LAKE BENTON - Lonny Carpenter preaches the word at the Lighthouse Assembly in Lake Benton, but whenever he can he loves to sing songs of praise and remembrance for America's veterans.
With his partners Doc Snow on piano and Jerry McCollough on bass guitar, Carpenter plays at events around the area.
He has also recorded CDs and music videos such as: "The Greatest Generation, Thank You for America," "A Carpenter's Son," "Don't Let Me Forget You (The Alzheimer's Song)" and, always popular in this area, "The Wind Tower Song."
Carpenter and his wife Angie grew up in Lake Benton but moved away for a while before coming back and establishing the Lighthouse Assembly.
"We've been here about 11 years now," Angie Carpenter said. "Lonny was a pastor in Nebraska then came back here."
Angie Carpenter has a beautiful voice and used to perform with her husband and three daughters, but these days prefers to work behind the scenes, Lonny Carpenter said.
"I started music about 1979-80," Lonny Carpenter said. "My ex-brother-in-law talked me into buying a guitar, I learned to play, and I've been playing ever since. Most of what I write tells a story, they're ballads."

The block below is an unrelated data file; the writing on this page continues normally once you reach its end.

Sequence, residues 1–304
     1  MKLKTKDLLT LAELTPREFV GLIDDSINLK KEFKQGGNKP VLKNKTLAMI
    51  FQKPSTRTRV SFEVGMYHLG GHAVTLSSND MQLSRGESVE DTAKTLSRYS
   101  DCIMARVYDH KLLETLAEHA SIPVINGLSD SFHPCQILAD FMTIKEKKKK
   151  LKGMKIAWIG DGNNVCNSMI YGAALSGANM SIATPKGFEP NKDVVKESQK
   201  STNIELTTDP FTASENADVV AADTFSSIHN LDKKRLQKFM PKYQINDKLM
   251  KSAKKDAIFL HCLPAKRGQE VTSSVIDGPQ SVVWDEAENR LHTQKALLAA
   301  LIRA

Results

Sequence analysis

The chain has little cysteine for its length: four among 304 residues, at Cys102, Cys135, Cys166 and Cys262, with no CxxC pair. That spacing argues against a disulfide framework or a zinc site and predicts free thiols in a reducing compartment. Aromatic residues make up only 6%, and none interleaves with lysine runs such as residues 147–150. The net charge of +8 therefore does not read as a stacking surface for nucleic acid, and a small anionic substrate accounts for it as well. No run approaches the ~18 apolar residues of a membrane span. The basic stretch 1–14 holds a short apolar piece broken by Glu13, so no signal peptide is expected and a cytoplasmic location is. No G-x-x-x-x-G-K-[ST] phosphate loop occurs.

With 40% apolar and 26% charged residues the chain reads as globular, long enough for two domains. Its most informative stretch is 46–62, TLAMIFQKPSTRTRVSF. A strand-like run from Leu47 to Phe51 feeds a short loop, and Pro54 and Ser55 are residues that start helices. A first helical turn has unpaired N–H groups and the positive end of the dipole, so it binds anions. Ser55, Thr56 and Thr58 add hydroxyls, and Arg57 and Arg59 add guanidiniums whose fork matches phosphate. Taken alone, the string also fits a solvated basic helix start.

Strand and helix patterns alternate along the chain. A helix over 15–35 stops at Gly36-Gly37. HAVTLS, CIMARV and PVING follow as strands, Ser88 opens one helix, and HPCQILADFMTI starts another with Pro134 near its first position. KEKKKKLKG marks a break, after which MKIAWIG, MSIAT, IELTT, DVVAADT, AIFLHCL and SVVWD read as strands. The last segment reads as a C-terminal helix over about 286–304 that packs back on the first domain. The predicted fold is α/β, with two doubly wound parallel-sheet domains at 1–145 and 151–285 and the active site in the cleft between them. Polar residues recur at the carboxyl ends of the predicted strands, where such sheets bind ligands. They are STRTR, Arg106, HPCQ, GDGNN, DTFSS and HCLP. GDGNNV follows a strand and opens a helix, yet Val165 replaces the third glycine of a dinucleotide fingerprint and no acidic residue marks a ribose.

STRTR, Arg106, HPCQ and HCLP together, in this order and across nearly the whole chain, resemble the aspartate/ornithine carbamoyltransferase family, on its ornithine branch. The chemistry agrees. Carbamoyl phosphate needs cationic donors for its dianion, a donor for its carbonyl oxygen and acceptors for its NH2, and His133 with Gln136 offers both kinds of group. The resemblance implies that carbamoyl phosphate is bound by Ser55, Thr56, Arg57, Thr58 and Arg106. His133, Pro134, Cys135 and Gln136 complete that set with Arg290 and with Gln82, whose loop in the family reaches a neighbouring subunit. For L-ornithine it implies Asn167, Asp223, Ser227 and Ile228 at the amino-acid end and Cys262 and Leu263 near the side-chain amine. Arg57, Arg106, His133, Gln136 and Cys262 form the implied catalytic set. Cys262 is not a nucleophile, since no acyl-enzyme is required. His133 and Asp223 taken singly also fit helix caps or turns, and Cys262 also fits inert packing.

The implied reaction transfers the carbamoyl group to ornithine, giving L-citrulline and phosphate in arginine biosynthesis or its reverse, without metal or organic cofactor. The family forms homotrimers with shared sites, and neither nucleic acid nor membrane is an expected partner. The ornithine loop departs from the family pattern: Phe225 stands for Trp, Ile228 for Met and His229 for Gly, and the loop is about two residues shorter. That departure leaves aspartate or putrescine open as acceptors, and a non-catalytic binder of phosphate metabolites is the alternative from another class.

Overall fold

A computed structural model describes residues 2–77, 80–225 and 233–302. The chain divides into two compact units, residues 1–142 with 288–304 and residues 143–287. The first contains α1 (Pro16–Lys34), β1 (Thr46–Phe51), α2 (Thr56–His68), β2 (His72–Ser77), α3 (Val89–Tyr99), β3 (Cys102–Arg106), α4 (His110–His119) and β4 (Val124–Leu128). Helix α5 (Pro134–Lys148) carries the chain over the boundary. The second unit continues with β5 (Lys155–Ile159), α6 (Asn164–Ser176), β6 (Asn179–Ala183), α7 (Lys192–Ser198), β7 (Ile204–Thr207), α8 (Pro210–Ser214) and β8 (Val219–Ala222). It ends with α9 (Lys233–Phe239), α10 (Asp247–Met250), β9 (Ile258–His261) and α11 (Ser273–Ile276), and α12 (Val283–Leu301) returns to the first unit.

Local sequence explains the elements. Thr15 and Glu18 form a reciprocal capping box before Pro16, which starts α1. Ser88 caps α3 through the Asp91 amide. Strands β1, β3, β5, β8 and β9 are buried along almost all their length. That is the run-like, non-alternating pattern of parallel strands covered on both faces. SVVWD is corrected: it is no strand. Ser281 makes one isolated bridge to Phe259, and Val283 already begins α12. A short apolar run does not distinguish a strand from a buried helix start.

The story ballad of "The Greatest Generation" came to him when he was watching TV.
"The World War II one, I was watching the History Channel. I always have a guitar by me and it inspired me to write," Lonny Carpenter said. "It took me two or three days. I wanted to say 'thank you' from America for the greatest generation."
Because of that song, Lonny and Angie were invited to accompany a group of veterans on the Honor Flight to Washington, D.C. last September. Honor Flight is a non-profit organization that honors World War II veterans by taking them to Washington, D.C. to visit the various memorials of that war.
Lonny Carpenter has also written a song, "My Vietnam" for veterans of that war. Angie's father was a veteran of three tours of duty in Vietnam.
"We played shows in South Dakota and Minnesota, and there wasn't a show a Vietnam vet didn't say, 'You need to write a song about us,'" Lonny Carpenter said. "When people play it or see the video they say it brings back memories, but it makes them feel good."
Lonny's music is slowly making headway in the music and music video market, and they're trying to get the CDs and DVDs made available in military museums and veterans' homes.
"We charge to set up and pay expenses, but we play for free. We sell product to good crowds but we're not making a living at it," Lonny Carpenter said. "We have a lot of fun. People always love the show and leave happy."